Is it too early to dream about Christmas puddings? Here are some crackers
PUBLISHED: 13:55 28 September 2019
Cole’s has been making them for 80 years. Here are some Christmas puddings past and present. What’s your favourite?
It would be wonderful to have a time machine, set the dial for 1939, and materialise in Albert Cole's bakery. In those days - the year it was founded as a family business - it was customary for the town baker to make traditional Christmas puddings for local customers. Imagine the warmth… the aromas… the sense of anticipation…
Eight decades on, the legacy is still with us. In 2019, Cole's Puddings is marking 80 years of pudding-making in the heart of the Essex countryside.
Managing director Simon Hatcher says: "Today we continue the tradition of hand-made quality puddings but we sell to a larger market of consumers in the UK and overseas."
The manufacturer, based near Saffron Walden, says it uses the finest ingredients from across the world. Puddings are baked for up to eight hours - while gently steamed to maintain moistness.
Here's a look at how things have developed. (And we can still buy these types of puddings today!)
(The decade pilot Chuck Yeager became the first person to break the sound barrier)
The 1940s marked the introduction of Cole's Classic Christmas Pudding, from an original recipe used by Mr Cole. He included breadcrumbs from his own bread - a tradition that continues today.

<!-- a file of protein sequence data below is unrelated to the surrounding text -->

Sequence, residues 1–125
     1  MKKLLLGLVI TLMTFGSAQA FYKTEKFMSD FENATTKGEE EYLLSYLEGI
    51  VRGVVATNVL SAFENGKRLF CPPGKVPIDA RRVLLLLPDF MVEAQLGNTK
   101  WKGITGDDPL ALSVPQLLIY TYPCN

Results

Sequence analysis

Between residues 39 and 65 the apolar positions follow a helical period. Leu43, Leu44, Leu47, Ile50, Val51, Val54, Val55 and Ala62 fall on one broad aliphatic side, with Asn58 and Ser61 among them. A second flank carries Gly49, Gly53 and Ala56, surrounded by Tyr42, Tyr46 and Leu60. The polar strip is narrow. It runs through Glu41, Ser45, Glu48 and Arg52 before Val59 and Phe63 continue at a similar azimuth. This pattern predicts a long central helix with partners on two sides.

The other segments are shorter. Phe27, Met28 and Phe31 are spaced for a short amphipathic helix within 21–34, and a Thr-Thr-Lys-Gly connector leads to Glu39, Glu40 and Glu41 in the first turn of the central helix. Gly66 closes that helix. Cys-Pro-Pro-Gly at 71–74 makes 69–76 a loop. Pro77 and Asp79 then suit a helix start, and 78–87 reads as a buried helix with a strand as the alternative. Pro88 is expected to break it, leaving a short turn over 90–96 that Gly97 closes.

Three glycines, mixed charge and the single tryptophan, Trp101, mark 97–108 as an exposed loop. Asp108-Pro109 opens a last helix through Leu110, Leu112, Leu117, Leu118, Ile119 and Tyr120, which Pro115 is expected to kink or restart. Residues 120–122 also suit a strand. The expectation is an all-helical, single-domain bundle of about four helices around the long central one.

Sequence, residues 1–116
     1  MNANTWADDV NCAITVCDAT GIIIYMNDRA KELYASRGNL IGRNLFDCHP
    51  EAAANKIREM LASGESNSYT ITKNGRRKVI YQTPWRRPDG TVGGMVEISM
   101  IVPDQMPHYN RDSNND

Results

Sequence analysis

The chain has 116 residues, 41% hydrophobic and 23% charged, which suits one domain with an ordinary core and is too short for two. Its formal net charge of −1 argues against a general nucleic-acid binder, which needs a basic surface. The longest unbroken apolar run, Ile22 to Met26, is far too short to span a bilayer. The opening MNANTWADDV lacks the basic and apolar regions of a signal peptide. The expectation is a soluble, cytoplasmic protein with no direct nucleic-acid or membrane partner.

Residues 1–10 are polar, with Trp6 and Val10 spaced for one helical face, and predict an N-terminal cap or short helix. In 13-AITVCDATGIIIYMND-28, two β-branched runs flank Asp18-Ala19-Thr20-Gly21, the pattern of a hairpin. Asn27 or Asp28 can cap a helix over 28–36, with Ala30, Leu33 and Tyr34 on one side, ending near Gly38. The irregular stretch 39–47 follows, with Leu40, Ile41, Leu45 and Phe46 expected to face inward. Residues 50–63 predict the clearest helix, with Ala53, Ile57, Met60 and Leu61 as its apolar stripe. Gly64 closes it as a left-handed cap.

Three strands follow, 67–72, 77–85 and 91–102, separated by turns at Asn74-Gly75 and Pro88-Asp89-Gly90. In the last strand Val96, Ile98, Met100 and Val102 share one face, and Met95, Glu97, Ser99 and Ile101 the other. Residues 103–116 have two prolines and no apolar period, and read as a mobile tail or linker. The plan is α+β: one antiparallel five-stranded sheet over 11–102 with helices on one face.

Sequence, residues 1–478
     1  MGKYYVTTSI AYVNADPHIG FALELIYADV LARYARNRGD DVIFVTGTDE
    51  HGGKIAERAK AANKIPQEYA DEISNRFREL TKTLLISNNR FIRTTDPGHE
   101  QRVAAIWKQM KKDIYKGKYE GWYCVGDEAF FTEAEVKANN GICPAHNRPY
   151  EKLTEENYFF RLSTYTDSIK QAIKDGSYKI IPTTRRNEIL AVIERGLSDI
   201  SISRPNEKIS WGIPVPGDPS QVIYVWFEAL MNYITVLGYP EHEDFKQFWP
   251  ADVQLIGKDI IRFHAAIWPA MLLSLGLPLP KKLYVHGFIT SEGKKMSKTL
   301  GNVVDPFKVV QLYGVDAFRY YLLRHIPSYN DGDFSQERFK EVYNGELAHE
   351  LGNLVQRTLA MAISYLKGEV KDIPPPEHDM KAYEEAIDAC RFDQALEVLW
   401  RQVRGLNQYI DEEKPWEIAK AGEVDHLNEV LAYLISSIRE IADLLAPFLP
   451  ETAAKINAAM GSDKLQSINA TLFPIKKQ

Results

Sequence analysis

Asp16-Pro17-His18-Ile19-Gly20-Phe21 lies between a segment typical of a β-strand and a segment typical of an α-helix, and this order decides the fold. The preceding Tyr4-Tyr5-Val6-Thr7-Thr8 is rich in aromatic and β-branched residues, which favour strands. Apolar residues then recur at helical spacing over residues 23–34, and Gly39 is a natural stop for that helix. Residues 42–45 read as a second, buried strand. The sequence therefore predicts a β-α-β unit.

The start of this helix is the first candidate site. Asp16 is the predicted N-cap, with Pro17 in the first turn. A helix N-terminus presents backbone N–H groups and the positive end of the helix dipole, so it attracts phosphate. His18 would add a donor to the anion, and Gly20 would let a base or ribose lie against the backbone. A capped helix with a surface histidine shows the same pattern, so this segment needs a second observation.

The addition of locally-brewed premium ale and copious amounts of dried fruit ensures that this rich pudding has a light texture and distinctive flavour, says the firm.
(Elvis Presley brought out his first studio album)
Cole's English Privilege Christmas Pudding was introduced - made with the finest Scotch malt whisky, Madeira, sherry and English ale.
(Man first stepped on the moon)
The spherical Brandy Port & Walnut Christmas Pudding couldn't have been more appropriate. This pudding replicated the style of round puddings from the past that were made in a cloth.
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Cole's BP&W is presented in muslin cloth tied with red ribbon. The dark, rich flavour comes from a combination of port with brandy, prunes, walnuts and apricots.
(Universal Product Code barcodes introduced; scanned for the first time in 1974)
Brandy, a traditional ingredient for many rich puddings, is the key ingredient in the 1970s' Brandy Christmas Pudding - the perfect end, suggests the company, to a festive feast.
(The royal wedding of Charles and Diana)
Prawn cocktails and Black Forest desserts topped menu choices during the 1980s and Cole's replicated the dessert with their own Black Forest Christmas Pudding - made with chocolate, glace cherries and kirsch.
(Nigel Mansell won the Formula One World Championship in 1992)
The glitzy gold-wrapped Champagne Christmas Pudding proved to be a tasty treat and a very acceptable festive gift, says Cole's. It was a very special pudding made with Marc de Champagne and Champagne.
(The launch of YouTube. Speaking of which, see a Cole's film of pudding-making and pudding-racing at https://www.youtube.com/colespuddings)
The era of the Connoisseur Christmas Pudding, when the company introduced a rich pudding infused with French Cognac.
(In 2010 Cole's joined the Tiptree-based Wilkin & Sons family of businesses)
This decade has seen a growing interest in specialist dietary requirements. Cole's offers customers a Gluten Free Christmas Pudding that is gluten-, nut-, alcohol- and dairy-free. It's available in two sizes: 454g for families and 112g for individuals.
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